Potowski in Sociorap Today

Sociorap is today in the Greeberg Room at 3:45. Come by to hear Kim Potowski (U of Illinois at Chicago) give a talk entitled ‘Spanish dialect contact in Chicago: Phonetic realizations by Mexicans, Puerto Ricans, and “MexiRicans”’.

The talk will be followed by the Social in the Department lounge.

Studies of Spanish dialect contact in the U.S. are becoming increasingly important as the origins of its Spanish-speaking populations become more diverse. In addition to “traditional” dialect contact, in which monodialectal members of different groups come into contact with each other in a number of social spheres, an increasingly common situation is that of intrafamilial dialect contact (Potowski 2011) experienced by mixed ethnicity Latinos – that is, individuals raised by parents who each speak a different dialect of Spanish. For example, Potowski (2008) found that among 18 “MexiRicans” in Chicago, 75% of them were informally rated as sounding more like their mother’s dialect group than their father’s.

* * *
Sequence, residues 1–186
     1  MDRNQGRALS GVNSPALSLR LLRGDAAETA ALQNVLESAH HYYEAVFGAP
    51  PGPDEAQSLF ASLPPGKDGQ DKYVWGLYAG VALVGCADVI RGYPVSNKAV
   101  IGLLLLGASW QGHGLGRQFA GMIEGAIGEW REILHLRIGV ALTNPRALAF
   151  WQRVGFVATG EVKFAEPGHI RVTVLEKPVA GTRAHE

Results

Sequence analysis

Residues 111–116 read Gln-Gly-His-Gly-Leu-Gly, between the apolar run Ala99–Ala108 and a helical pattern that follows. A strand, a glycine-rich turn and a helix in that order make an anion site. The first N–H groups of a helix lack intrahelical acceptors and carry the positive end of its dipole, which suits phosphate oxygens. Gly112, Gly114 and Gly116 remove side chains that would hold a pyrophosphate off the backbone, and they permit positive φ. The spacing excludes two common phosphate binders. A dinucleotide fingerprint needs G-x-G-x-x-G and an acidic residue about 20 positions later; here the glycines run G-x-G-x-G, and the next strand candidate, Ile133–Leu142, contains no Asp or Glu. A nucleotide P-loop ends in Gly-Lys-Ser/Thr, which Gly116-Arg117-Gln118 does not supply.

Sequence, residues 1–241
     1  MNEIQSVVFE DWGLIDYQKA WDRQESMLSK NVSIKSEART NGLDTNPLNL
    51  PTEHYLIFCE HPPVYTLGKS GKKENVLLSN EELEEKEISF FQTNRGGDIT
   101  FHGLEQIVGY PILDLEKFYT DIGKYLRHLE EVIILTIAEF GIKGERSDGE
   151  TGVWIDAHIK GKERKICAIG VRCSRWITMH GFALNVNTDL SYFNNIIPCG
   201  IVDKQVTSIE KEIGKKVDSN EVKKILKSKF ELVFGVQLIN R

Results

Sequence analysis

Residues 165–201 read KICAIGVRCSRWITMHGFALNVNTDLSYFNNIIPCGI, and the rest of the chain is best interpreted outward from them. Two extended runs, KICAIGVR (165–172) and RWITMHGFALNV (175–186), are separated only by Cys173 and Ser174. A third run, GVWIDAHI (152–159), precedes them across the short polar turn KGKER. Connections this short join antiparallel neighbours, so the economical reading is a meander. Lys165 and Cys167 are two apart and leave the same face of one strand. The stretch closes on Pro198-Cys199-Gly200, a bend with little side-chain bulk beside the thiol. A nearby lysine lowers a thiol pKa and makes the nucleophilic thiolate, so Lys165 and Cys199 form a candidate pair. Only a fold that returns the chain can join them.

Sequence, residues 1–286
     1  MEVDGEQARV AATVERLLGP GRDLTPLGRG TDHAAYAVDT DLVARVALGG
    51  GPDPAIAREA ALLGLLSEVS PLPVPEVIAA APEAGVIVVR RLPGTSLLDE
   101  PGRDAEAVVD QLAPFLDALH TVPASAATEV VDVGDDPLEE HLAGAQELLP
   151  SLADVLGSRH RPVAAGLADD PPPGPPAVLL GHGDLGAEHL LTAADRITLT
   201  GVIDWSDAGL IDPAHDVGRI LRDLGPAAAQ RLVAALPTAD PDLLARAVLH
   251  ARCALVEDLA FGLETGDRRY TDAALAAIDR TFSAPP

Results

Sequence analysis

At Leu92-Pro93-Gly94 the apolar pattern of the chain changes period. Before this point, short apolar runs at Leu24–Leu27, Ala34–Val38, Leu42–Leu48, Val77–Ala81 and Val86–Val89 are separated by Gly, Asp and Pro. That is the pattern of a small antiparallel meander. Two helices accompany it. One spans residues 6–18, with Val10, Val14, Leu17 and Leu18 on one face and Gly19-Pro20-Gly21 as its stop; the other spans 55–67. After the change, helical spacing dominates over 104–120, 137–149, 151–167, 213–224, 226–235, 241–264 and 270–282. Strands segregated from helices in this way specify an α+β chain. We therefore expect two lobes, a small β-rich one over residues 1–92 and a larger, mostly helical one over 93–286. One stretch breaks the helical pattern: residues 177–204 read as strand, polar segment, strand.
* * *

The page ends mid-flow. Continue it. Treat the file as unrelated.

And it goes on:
This presentation shares findings of PRAAT-supported analyses of the realizations of two phonetic variables: Over 5,000 tokens of coda /s/ (often weakened among PR) and nearly 500 tokens of trilled /r/ (often velarized among PR). Five-minute samples were analyzed from sociolinguistic interviews with18 Mexicans (MX) and 20 Puerto Ricans (PR) of three different sociolinguistic generations (G1, G2, and G3) in Chicago, comparing those who spoke with interviewers of the same ethnicity vs. the other ethnicity. We also analyzed a sample of 28 MexiRicans (MXPR), half of whom had a MX mother and half a PR mother.

As hypothesized based on the numerical superiority of MX in Chicago, MX did not exhibit any PR traits; only PR used PR variants. There were no differenes among PR at the group level for /s/ weakening; that is, PR did not realize coda /s/ more frequently when speaking with MX vs. with PR. However, they did velarize trilled /r/ more frequently when speaking with PR than with MX, lending support to the notion that velarized trilled /r/ is a stigmatized variant that PR prefer to use only with other PR rather than with MX. Also at the group level, MXPR with a PR mother produced more PR features than did those with a MX mother, lending support to the findings of Potowski (2008). Despite strong insistence that they are “both” Mexican and Puerto Rican, many MXPR mark themselves as one or the other – or neither – the moment they speak Spanish. Implications for these findings and areas for future research will be explored.